“Before the Magnolia Mother’s Trust, I was making about $680 every two weeks. Rent was my biggest monthly expense. … I had to work a lot of overtime before I started receiving MMT. Now I get to spend more time with my kids.”

Overturning Harvey Weinstein’s Conviction Shows Poor Understanding of Violence Against Women

Context is everything when it comes to sexual and physical violence against women. Harvey Weinstein had more than a “propensity” for sexual assault; he demonstrated a serially predatory pattern of behavior of targeting and violating women and learned from the systems that enabled him that he could get away with it. Knowledge of this pattern is not prejudicial; it is necessary for a thorough understanding of the perpetrator.

The overturning of Weinstein’s conviction merely emphasizes the degree to which protection of sexual predators at their victims’ expense and permissibility of male violence against women are entrenched in our institutions. If our legal system cannot appreciate the relevance of historical patterns of behavior, we can never combat violence against women successfully.

Arizona’s 1864 Abortion Law Was Made in a Women’s Rights Desert. Here’s What Life Was Like Then.

In 1864, Arizona—which was an official territory of the United States—was a vast desert. Women in Arizona could not vote, serve on juries or exercise full control over property in a marriage. They had no direct say in laws governing their bodies. Hispanic and African American women had even fewer rights than white women.

The Arizona Supreme Court ruled on April 9, 2024, that a 160-year-old abortion ban passed during this territorial period will go into effect. Since that ruling, the Arizona legislature has been grappling with how to handle the near-total ban. Even if the ban is fully repealed, it could still take temporary effect this summer.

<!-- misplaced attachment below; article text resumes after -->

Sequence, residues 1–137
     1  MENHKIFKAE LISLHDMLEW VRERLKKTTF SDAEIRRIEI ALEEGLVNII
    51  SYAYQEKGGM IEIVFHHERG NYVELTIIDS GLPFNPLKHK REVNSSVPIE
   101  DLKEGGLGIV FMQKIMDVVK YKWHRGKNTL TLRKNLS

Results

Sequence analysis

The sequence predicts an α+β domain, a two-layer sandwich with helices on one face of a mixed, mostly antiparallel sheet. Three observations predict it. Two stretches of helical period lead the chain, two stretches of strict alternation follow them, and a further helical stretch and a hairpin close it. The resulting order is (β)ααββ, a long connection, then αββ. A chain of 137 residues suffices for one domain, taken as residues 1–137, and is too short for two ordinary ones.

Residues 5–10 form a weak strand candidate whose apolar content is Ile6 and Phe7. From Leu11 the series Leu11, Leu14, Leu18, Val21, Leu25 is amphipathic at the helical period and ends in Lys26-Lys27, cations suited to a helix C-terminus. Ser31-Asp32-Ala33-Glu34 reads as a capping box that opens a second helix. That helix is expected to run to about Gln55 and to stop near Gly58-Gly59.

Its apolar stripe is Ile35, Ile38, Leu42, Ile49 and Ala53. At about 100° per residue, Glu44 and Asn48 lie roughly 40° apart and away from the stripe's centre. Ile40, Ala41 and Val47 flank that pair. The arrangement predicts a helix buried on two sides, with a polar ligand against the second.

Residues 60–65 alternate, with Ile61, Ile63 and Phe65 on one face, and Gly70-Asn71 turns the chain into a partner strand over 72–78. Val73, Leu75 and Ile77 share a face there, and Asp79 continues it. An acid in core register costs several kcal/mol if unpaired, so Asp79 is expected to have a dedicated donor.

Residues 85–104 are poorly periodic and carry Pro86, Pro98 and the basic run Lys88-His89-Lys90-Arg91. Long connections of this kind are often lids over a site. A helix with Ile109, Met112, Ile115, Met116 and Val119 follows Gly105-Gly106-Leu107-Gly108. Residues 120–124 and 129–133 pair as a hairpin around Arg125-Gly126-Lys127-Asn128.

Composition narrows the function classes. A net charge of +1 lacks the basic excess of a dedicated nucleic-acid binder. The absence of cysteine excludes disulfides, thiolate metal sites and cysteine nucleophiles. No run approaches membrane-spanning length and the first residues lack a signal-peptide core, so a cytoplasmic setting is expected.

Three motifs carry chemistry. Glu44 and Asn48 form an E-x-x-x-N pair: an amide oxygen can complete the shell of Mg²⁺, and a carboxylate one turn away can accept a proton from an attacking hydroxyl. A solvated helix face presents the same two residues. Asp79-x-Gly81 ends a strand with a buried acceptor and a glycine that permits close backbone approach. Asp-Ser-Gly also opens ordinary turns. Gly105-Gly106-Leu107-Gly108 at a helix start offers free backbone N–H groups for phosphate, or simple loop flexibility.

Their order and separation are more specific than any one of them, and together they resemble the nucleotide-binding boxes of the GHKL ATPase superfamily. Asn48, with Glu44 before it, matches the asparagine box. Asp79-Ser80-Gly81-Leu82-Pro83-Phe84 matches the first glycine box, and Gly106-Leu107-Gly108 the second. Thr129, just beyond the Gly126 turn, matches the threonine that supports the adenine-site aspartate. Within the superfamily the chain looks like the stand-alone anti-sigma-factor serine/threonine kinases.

As someone who teaches history in Arizona and researches slavery, I think it is useful to understand what life was like in Arizona when this abortion ban was in force.

Out of Touch on Menopause: Experts Respond to The Lancet’s ‘Over-Medicalization’ Claims

Menopause is gaining attention in the media and highest levels of government, including the White House—but we still have a long way to go to ensure women get the support they need. A recent series issued by a respected journal, The Lancet, proves this point. 

The series claims to promote an “empowerment model for managing menopause.” To us—more than 250 obstetrician-gynecologists, family medicine physicians, cardiologists, internists, urologists, medical oncologists, psychiatrists, orthopedic surgeons, nurse practitioners and licensed therapists—this was an unexpected and welcome opportunity.

The series was awash with misstatements that do not reflect the lived experience of women in this stage of life or our clinical experience in treating them.

Women Know Best About Their Bodies: Fighting Doctors’ Disregard and Colorectal Cancer

As a seemingly healthy 39-year-old mom of three young boys, five years after I first questioned what was happening to my body, I was diagnosed with rectal cancer—and it had advanced to stage 3. A lime-sized tumor had gone undetected. I realized something I knew the whole time: I am not crazy; I know my body better than anyone else. My gut was right, something was very wrong. 

One doctor, a gastroenterologist at UCLA, finally saw me. She knew that new cases of colorectal cancer has nearly doubled, resulting in a new standard of care that required colonoscopies beginning at age 45. She knew this disease had become the leading cause of cancer deaths for Americans 20 to 49 years old.biopsies, CT and MRI scans.

So it is urgent: If you are experiencing even one of the symptoms—like bloody stool, stomach pain, urgency to go, and/or anemia causing fatigue—go straight to your doctor and ask to be screened. If the doctors push back or minimize your concerns, keep going.